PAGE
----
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PCTs cutting mental health funding to deliver IAPT

By Mark Pownall

PCTs are paying for the Government's Improving Access to Psychological Therapies (IAPT) programme by cutting other elements of mental health funding, a charity has warned.

Since April, trusts have received IAPT funding as part of their baseline budgets, rather than as direct Department of Health grants to pilot areas, as previously.

But the mental health charity Mind says the lack of ringfencing of funds means IAPT has begun edging out existing talking treatments in some areas.

In Buckinghamshire, services have been cut following a decision by the local PCT to de-commission all adult counselling services. The only talking treatments now on offer in the community are IAPT services, largely CBT-based.

Mariam Kemple, Mind's policy and campaigns officer, said: ‘Often IAPT hasn't been placed alongside, it's been placed on top of the existing service. It may even be that the amount of therapy that's been offered has actually been reduced because it's just the IAPT model.'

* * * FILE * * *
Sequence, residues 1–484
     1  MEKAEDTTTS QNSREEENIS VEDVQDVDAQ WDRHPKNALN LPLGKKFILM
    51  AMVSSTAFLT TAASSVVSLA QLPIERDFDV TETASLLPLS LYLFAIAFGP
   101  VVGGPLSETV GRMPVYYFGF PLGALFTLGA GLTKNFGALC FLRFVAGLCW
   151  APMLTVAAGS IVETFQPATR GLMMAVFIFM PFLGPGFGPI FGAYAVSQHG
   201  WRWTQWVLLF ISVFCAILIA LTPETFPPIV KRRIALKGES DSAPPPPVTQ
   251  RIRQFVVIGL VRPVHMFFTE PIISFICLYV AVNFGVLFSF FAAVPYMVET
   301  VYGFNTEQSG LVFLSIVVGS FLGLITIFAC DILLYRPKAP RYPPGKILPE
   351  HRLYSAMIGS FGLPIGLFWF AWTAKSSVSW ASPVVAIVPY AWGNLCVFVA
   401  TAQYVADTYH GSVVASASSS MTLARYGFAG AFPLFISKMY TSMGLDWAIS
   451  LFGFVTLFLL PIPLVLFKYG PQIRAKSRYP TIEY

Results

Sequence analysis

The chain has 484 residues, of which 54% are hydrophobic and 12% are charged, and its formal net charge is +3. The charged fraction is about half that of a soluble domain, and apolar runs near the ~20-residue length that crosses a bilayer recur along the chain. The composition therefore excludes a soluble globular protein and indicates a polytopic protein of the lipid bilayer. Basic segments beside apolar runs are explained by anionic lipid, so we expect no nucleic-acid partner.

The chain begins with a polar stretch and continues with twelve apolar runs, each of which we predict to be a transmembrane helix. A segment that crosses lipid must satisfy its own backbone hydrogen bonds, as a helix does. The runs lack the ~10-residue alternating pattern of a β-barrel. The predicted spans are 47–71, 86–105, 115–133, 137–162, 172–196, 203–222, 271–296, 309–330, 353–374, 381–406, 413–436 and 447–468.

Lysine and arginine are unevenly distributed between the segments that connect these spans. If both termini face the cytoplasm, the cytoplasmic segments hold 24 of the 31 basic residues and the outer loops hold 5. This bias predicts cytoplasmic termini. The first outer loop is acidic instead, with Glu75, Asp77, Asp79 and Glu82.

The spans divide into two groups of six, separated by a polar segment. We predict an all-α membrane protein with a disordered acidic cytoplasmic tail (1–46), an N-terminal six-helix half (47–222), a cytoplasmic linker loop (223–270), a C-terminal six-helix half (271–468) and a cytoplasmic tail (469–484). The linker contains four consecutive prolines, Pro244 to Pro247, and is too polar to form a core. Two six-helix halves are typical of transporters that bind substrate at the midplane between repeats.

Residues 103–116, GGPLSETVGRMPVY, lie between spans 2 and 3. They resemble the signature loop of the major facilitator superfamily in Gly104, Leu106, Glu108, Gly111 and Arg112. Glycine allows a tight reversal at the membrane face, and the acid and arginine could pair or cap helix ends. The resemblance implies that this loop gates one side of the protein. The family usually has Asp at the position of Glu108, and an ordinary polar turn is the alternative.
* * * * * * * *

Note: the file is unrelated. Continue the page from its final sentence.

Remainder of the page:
‘We are hearing from GPs that they are getting rid of their in-house counsellors because of an IAPT programme coming in. That wasn't what IAPT was meant to do, it was meant to be additional.'

Dr Paul Roblin, chief executive of Berkshire, Buckinghamshire and Oxfordshire LMC, told Pulse: ‘All stand-alone services have been cut, although there are plans to introduce some general counselling as part of the IAPT services alongside CBT.'

Carolyn Smyth, chief executive of Buckinghamshire Mind, said: ‘Since April 1, all the adult counselling services have been shut down. GPs tell us that it leaves a big hole in provision and feel they haven't been consulted.'

‘It's always a concern that when PCTs are financially stretched, mental health is a soft target.'

A DH spokesperson said, ‘Trusts are given extra money to ensure they have IAPT services in place, or at least will have in 2010/11. The Department of Health is monitoring this through benchmarking reports and working with the heads of local health authorities to ensure the IAPT programme is delivered.'

IAPT has begun edging out existing talking therapies in some areas IAPT has begun edging out existing talking therapies in some areas Talk and deliver: what IAPT is expected to provide by October 2011

• All PCTs providing IAPT-style services
• 900,000 more people to have had psychological therapies
• 450,000 people in treatment ‘moving to recovery'
• 25,000 fewer people on sick pay and benefits

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